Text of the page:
DJStoriesis, ultimately, about death. Perhaps this goes without saying, as all horror could be said to be about death in one way or another; but the collection is remarkable for the level of detail in which Schow examines theme of death. This is a collection unafraid to portray the visceral aspects of sundered bodies and spilled guts; but it is also capable of exploring subtler emotional angles, hitting a number of poignant notes in its evocation of nostalgia, melancholy, and the eventual acceptance of death.

Dark Moons Rising on a Starless Night by Mame Bougouma Diene

This collection contains four long stories, the first of which – “Fistulas” – is a Best Short Story finalist. The second, “The Whores, The Dealer, & The Diamond”, is set in Bangladesh and revolves around a family of four, each member identified by a stereotyped role. The mother and eldest daughter are sex workers; the father is a drug dealer; and the youngest daughter is a beautiful child referred to as The Diamond.

From graphic descriptions of deformities caused by drug abuse to the domestic violence committed by the father, the story is not lacking in sordid material. But running through this squalor is a strain of magical realism, as when a combination of drugs, alcohol and sex causes The Dealer to hallucinate his wife transforming into the blue-skinned, four-armed goddess Chamunda. The Diamond, meanwhile, is a holy innocent who contrasts with her depraved and desperate milieu – at one point, she even develops a halo – and her tears turn out to have a miraculous quality.

The story relishes in blurring lines: between the mundane and the supernatural; between miracle and substance abuse; and, eventually, between god and demon. If such corrupt surroundings can produce a child as angelic as The Diamond, then perhaps a man as foul as The Dealer can ascend to the role of mythic hero – so long as he is confronted with an opponent even more depraved than himself.

Next is “Popobawa”, where Zanzibar’s Stone Town is hit by a spate of gruesome murders. Each victim is found brutally raped and elaborately mutilated, and when a white tourist joins their number, the news goes international. The true culprit is a supernatural shapeshifter that uses black magic to escape justice.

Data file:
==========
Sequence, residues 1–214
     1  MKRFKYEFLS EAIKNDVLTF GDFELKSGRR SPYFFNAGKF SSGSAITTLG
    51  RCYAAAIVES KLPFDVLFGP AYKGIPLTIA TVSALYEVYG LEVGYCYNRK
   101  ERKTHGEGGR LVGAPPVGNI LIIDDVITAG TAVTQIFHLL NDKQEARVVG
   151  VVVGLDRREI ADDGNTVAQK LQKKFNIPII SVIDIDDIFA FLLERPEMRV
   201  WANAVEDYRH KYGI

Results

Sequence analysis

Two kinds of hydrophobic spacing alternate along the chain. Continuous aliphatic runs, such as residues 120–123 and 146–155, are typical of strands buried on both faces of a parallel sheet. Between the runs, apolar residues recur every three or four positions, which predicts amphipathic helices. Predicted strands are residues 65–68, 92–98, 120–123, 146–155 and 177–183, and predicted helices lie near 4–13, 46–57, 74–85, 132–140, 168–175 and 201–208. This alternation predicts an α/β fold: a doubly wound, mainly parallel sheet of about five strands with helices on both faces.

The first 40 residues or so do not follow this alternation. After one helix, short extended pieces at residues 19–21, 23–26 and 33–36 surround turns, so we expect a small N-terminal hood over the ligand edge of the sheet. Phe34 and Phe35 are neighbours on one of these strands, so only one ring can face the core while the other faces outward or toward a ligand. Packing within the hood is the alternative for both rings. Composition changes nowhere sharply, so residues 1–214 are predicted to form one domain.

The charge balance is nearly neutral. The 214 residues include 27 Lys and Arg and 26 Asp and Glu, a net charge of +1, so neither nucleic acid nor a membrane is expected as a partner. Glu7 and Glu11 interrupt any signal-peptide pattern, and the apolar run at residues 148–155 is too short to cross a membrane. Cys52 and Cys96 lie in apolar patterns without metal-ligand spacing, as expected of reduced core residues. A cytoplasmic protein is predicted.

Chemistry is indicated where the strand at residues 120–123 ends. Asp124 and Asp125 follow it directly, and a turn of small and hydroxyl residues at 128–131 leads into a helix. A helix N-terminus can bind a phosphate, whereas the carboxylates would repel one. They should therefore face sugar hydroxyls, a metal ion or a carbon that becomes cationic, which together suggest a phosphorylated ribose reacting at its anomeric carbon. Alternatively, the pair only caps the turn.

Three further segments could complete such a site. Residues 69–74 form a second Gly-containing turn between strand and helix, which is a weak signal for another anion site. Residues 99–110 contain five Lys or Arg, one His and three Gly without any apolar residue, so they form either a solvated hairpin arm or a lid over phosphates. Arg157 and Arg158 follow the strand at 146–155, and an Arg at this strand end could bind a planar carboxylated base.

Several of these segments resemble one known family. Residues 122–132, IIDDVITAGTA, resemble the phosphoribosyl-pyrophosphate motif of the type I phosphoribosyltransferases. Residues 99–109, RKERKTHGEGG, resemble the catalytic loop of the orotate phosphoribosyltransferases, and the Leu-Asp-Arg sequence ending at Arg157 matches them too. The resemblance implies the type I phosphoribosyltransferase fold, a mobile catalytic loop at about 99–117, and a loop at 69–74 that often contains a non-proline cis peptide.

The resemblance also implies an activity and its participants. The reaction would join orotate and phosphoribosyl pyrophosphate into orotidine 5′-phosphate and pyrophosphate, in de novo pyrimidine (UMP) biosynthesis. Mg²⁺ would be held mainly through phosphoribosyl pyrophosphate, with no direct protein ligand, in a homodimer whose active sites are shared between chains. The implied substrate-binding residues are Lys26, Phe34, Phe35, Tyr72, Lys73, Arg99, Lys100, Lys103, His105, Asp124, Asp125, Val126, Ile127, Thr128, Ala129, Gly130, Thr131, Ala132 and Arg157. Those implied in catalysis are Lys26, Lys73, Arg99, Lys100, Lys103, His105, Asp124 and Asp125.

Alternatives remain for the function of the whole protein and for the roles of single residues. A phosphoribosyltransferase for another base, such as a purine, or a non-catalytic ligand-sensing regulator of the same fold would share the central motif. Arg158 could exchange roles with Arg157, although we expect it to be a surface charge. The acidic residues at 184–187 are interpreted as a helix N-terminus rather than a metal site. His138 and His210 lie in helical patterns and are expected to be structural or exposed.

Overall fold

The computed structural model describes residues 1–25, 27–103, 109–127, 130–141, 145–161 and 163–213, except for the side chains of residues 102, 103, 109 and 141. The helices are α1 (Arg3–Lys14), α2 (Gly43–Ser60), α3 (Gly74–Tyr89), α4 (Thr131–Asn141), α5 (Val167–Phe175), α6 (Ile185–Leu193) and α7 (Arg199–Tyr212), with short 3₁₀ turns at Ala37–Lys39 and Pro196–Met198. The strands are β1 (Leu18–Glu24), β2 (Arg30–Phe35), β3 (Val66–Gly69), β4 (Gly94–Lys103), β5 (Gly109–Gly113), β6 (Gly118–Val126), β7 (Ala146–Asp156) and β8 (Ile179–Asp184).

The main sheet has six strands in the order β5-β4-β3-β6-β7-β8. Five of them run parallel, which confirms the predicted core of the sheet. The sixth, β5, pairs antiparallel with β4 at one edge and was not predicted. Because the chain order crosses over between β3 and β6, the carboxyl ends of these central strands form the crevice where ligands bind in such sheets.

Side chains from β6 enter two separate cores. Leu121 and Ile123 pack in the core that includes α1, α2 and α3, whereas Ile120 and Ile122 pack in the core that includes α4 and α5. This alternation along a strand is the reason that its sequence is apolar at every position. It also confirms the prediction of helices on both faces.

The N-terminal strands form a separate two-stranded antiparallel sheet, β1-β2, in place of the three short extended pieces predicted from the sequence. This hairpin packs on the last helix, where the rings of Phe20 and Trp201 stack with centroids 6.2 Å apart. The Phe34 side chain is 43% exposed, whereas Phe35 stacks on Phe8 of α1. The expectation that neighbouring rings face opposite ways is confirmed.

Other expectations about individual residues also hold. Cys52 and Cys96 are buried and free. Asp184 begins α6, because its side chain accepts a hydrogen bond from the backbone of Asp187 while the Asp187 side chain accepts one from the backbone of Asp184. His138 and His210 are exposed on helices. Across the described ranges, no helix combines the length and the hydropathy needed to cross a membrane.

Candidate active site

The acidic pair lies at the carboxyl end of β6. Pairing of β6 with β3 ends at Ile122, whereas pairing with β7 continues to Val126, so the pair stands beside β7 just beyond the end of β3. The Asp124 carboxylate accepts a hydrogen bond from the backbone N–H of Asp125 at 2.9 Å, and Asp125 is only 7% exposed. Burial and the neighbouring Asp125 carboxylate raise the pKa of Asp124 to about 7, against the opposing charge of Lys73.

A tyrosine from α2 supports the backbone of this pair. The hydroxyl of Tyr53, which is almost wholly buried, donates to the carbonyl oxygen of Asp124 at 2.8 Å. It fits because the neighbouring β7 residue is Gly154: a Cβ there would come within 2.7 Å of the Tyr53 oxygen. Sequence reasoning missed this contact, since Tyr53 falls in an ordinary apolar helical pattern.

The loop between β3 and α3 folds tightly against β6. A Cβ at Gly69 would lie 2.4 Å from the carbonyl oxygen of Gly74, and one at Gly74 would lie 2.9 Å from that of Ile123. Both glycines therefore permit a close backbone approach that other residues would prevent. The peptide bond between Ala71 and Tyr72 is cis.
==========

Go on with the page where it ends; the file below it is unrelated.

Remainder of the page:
Meanwhile, public suspicion falls upon a community of homosexual refugees from Uganda. A pair of nuns shelter the newcomers, thereby placing themselves in conflict with the bigoted Inspector Gurnah – who hates homosexuals and Catholics alike, and is only too willing to try and pin the murders on a convenient scapegoat. The story paints a bleak portrait of a community consumed by hatred and suspicion, the supernatural menace serving to bring out the tension and prejudice that lies below the surface.

Finally, “Black & Gold” opens with an oil company commencing a drilling operation on the coastline of Senegal. A swelling movement of  locals resent this intrusion, and under the leadership of Khadim – a man with supernatural powers – they punish the both the Senegalese authorities who allowed it to happen, and the unwanted intruders from abroad. The story shifts between different viewpoints: the thoughts of the bystanders caught up in the carnage; the shocked response of the Western media; and the musings of Khadim as he forms a moral code regarding who does and who does not deserve to die. Can he avoid the fate of many a revolutionary: becoming no better than the old order?

Dark Moons Rising on a StarlessNight is an extremely strong collection. Each one of its four stories is captivating, thematically dense, and capable of mingling grotesque body horror with more subtle forms of unease. Mame Bougouma Diene shows us humanity at its most atrocious, as filtered through a lens of folklore and magic to create a series of lasting nightmares.

Overall Thoughts

This category includes a vast array of individual short stories all with their own strengths and weaknesses, but each collection has a distinct ethos that sets it apart from the others.

Bentley Little’s Walking Alone strikes a balance between conventional horror themes and something quirkier and more comical, while Jeff Berk’s collection favours the latter element and embraces oddball humour – achieving surprisingly empathic results in the process. Brendan Vidito’s Nightmares in Ecstasy is themed around weird sex, while Mame Bougouma Diene’s Dark Moons Rising on a Starless Night – the boldest and most provocative collection on the ballot – focuses on non-Western, predominantly African settings and the unique varieties of horror to be found within. Finally, David J. Schow’s career-spanning collection celebrates classic horror in a thoughtful and analytical manner.

If there is a dominant approach to horror that spans these five collections, it is marked by a refusal to be content with formula and convention and a desire to explore the genre in a more personal manner.


You can reach Doris V. Sutherland at her blog: http://dorvsutherland.wordpress.com

Kimberly

I am an avid reader/reviewer and collector of books--primarily horror, supernatural, and supernatural-themed thrillers.

2 Comments

Leave a Reply

Your email address will not be published. Required fields are marked *